And in terms of jumping acuity, he has yet to make a serious mistake in three chases. True, all were small field affairs, but the Arkle, too, will quite likely cut up to a handful of contenders.

The opposition looks a rung below Shishkin, with perhaps Energumene the only credible danger. A fortnight ago, he beat a rival of similar ability by the same margin as Shishkin won on Saturday; if that was a parallel performance, there is little doubt about the 'remaining gears' differential in my view. Moreover, Willie Mullins' charge was a little novice-y in places that day for all that he was entitled to be on just his second fencing start. One further slight question mark is whether Energumene needs to lead in his races: he has led or disputed in all four of his starts over obstacles though whether that was a function of class and staying out of harm's way, or is a tactical prerequisite, is moot. What is clearer is that, if he does go forward, he will very likely face a challenge from Allmankind who appears to have no plan B when it comes to run style.

All of the above verbosity is by way of suggesting that Shishkin will probably win assuming he turns up in one piece (never a given). But a top priced 8/11, whilst still very far from offensive in value terms, is unexciting for those of us with limited elevens to risk in the pursuit of eights. And here is where the winning distance comes in.

Skybet are actually offering prices on winning margins of 2+ lengths (10/11), 4+ lengths (2/1), 6+ lengths (10/3), 8+ lengths (5/1) and 10+ lengths (7/1). I'm interested in 6+ as the optimal value play. And here's why.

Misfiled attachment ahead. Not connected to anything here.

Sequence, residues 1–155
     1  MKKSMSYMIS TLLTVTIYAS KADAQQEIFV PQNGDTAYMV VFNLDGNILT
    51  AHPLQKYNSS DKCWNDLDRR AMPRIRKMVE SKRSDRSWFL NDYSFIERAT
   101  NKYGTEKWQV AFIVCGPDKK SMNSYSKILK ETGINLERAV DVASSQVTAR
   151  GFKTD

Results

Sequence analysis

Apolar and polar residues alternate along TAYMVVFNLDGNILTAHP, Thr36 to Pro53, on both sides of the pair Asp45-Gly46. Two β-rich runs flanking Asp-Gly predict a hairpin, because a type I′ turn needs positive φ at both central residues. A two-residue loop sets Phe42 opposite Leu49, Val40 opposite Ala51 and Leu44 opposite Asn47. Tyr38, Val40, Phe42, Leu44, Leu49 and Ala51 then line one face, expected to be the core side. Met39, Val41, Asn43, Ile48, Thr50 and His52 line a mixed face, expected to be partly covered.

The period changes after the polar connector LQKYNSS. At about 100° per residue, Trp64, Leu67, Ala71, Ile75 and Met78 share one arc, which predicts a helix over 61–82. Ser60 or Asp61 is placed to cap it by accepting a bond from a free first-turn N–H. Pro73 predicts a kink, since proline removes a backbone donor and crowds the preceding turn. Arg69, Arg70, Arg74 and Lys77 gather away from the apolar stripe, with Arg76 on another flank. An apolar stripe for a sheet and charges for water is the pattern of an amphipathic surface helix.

Last year, Put The Kettle On was a 16/1 chance when winning by a length and a half. There were 18 lengths back to the third placed horse. In the five previous renewals, the race went more in keeping with the form already in the book as 5/1 Duc Des Genievres was the only one of the quintet of Arkle winners between 2015 and 2019 to score at odds against. His winning margin was 13 lengths. The four odds-on scorers, in reverse chronological order Footpad, Altior, Douvan and Un De Sceaux, scored by, respectively, 14 lengths, six lengths, seven lengths and six lengths.

The tl;dr (bit late now, I realise) is that five of the last six winners - four of them, like Shishkin, odds-on favourites - won by six lengths or more. In that context, Shishkin - who has won all of his completed starts, by 8L, 11L, 11L, a neck, 23L, 13L, and 8.5L - looks very fairly priced at 10/3 to win the Arkle by six lengths or more.

The link to this market is here.

**

Queen Mother Champion Chase - Chacun Pour Soi to win by four lengths-plus (4/1 Skybet)

Suggesting an ante post position on a hitherto infamously infrequent racecourse attendee may seem a tad gung-ho, all the more so when said runner was withdrawn on the morning of the race last year. But there is a growing belief, in the heart and mind of this scribbler at least, that the 2020/21 Chacun Pour Soi model is a more robust one.

Exhibit A to that end are the two races - both comfortable victories, in Grade 2 and Grade 1 company - in one month, the final month of last year. If that's the good news, the less good news is that Exhibit B must likely follow this weekend at the (outright excellent) Dublin Racing Festival; and Exhibit C requires him to cross the Irish channel in mid-March sans sicknote.

That's a risk and there are no two ways about it: if you don't like that risk, don't make this bet. Indeed, don't make any bet on CPS without the 'non runner no bet' concession.

But if, like me, you think 4/1 more than accommodates the chance of his non-participation, then let's talk about the opposition and the winning margin, oppo first.